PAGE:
Bank of America economist Lu Ting argues that Beijing could 'spend more on social welfare and quicken constructions of social housing and infrastructure.' But increasing public spending isn't straightforward. The government already has scaled back the pace of social housing construction because of concerns that local governments couldn't make ambitious targets. A reversal of controls on the housing sector might provide the quickest cure for China's growing pains. But it would be an embarrassing turnaround for the government. Senior leaders from Mr. Wen down have made pricking the housing bubble a centerpiece of the policy agenda. Property prices have so far fallen only very slightly from their highs, leaving the problem of housing affordability unsolved.
After three years of high investment, the low-hanging fruit on infrastructure projects has already been picked. Selecting financing for new programs takes times and may not produce a quick economic boost. 'They won't panic, but they will look around the cupboard and see what is there,' said Stephen Green, China economist at Standard Chartered.
Indeed, a number of the measures likely to be considered to boost growth--slowing the rate of appreciation of the yuan to help exporters, cutting interest rates to boost demand, investing more in infrastructure--have another downside. They would slow what China's leaders have long acknowledged is a needed shift in economic strategy so that China relies more on domestic demand and less on investment and exports.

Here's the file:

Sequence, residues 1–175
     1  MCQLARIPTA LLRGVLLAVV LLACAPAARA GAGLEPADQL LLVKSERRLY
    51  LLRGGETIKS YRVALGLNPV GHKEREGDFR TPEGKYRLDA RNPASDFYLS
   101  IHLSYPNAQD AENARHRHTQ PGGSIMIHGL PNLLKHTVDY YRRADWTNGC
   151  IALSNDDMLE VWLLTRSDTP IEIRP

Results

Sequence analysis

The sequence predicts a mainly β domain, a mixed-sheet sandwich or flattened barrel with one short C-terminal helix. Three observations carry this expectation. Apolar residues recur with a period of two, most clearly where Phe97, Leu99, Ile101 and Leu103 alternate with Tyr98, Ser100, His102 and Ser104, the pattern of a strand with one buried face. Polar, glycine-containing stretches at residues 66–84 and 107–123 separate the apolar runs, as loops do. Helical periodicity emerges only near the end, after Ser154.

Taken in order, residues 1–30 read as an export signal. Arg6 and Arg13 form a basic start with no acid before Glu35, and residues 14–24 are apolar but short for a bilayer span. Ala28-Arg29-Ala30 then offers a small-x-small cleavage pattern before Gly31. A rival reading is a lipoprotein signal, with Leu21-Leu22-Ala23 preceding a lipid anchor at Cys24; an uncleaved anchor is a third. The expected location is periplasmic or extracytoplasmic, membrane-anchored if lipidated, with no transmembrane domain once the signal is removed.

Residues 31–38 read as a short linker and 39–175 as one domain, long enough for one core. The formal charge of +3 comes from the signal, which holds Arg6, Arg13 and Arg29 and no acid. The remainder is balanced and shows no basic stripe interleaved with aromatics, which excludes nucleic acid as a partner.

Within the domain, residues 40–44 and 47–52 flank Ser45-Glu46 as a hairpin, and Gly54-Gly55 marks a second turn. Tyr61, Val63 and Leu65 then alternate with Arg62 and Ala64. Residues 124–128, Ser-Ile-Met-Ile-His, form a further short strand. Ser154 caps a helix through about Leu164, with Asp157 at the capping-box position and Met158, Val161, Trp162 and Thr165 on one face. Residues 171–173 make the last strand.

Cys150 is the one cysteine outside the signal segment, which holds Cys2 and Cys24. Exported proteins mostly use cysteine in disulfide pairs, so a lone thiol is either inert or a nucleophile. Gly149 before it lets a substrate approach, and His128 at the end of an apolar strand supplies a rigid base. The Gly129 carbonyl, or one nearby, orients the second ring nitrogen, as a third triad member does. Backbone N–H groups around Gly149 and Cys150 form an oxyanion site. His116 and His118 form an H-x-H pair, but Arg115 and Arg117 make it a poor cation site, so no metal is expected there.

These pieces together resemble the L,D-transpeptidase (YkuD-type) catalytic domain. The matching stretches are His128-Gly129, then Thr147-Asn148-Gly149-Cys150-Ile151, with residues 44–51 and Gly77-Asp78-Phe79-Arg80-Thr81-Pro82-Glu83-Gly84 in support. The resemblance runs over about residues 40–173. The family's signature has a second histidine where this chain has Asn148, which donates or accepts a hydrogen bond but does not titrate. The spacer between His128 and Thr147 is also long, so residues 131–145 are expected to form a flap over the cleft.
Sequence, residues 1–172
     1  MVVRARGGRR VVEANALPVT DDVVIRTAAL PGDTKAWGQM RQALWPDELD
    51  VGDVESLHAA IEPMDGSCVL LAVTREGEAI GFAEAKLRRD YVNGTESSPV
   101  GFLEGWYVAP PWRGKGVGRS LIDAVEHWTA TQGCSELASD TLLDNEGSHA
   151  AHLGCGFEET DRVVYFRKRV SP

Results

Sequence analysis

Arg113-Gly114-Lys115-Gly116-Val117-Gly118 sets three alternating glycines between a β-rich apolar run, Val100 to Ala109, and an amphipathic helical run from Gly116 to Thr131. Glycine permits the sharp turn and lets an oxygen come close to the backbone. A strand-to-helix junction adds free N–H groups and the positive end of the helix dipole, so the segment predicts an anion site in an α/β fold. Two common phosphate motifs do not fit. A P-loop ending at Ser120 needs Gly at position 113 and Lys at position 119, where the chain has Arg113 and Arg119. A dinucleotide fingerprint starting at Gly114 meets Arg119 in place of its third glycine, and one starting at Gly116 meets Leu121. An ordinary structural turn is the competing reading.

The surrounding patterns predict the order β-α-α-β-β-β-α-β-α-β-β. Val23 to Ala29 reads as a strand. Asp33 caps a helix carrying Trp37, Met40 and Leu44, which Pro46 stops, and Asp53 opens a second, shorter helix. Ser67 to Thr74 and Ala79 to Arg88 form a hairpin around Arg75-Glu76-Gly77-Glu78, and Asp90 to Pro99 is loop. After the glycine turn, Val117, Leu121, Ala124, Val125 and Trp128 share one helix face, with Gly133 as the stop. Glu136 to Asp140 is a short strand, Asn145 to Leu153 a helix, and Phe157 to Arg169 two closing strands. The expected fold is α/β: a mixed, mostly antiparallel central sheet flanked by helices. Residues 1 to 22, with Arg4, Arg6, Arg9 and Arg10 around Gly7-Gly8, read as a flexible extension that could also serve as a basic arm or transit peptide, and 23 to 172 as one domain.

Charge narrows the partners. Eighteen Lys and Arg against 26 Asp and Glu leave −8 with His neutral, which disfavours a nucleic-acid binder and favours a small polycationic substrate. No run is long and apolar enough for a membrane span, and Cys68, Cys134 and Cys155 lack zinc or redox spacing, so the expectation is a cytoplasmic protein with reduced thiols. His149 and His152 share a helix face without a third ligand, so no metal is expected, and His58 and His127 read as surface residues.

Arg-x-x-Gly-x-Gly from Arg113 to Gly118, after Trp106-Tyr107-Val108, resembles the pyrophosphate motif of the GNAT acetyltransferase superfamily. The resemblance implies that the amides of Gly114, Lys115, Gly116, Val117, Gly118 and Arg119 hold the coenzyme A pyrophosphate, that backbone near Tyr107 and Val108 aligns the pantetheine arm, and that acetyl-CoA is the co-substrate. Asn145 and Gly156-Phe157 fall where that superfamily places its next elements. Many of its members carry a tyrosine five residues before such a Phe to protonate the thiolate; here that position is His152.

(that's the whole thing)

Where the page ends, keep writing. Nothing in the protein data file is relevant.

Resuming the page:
Nicholas Lardy, a China expert at the Peterson Institute for International Economics, argues that interest rates--at least for depositors--should be increased to pad the wallets of ordinary consumers. 'Over time, higher rates would probably reduce the household saving rate, giving a further boost to domestic consumption,' he said. But few governments are willing to raise bank rates at a time when the economy is slowing.
To compensate, higher-income households have been shifting their savings into wealth-management products, typically short-term investment products, which offer significantly higher interest rates than what the central bank allows banks to offer on ordinary deposits. For China's small and midsize banks, many of which serve the country's smaller privately owned businesses, fewer deposits has meant less money available to lend.
In March, Premier Wen lowered the country's growth target to 7.5% from the 8% goal it had since 2005. The new objective, though, wasn't intended literally--China's economy regularly grows far faster than its stated target. Instead, say China experts, the goal is meant as a signal to provincial and local leaders that the central government wanted to shift economic strategy, even if that meant a reduction in the pace of growth. Consumption is seen as a firmer foundation for growth over the long term.
Now, though, China is in danger of slipping closer to the stated target, prompting the government to search for alternatives to speed up growth. -By Bob Davis and Tom Orlik, The Wall Street Journal
布鲁金斯学会(Brookings Institution)中国问题专家普拉萨德(Eswar Prasad)说，中国决策者目前面临两难境地，大规模信贷扩张可能是提振经济增长最为有效的方式，但这样做会给金融系统改革和恢复经济平衡拖后腿。如果能够悉心制定财政刺激措施，则更有可能实现长短期两个目标。然而一旦消费者和商业信心受到经济方面不确定性的打击，那么财政刺激措施的有效性就会受到限制。
美国银行(Bank of America)经济学家陆挺称，中国可以增加社会保障支出，加速保障房和基础设施建设。但增加公共开支的效果并不会马上显现。出于对地方政府难以实现宏伟目标的担忧，政府已经放缓了保障房建设的步伐。放松房地产调控可能为提振中国经济带来立竿见影的效果，但这将是一个令政府尴尬的政策转向。包括温家宝在内的高层领导人一直把刺破房地产泡沫作为政策日程的重点。房价目前为止仅较高点有很小幅的回落，让公众买得起房的问题并未得到解决。
经过三年的高投资后，基础设施项目中唾手可得的“果实”都已经被摘走了。为新项目选择融资需要时间，而且可能不会很快对经济产生刺激效果。渣打银行(Standard Chartered)中国经济学家王志浩(Stephen Green)说，他们不会慌乱，但会寻找各种方法。
彼得森国际经济研究所(Peterson Institute for International Economics)的中国专家拉迪(Nicholas Lardy)称，应当提高利率，至少是提高存款利率，这样可以增加普通消费者的收入。他说，经过一段时间后，更高的利率可能会降低家庭储蓄率，进一步促进国内消费。但很少有政府愿意在经济不断放缓之际加息。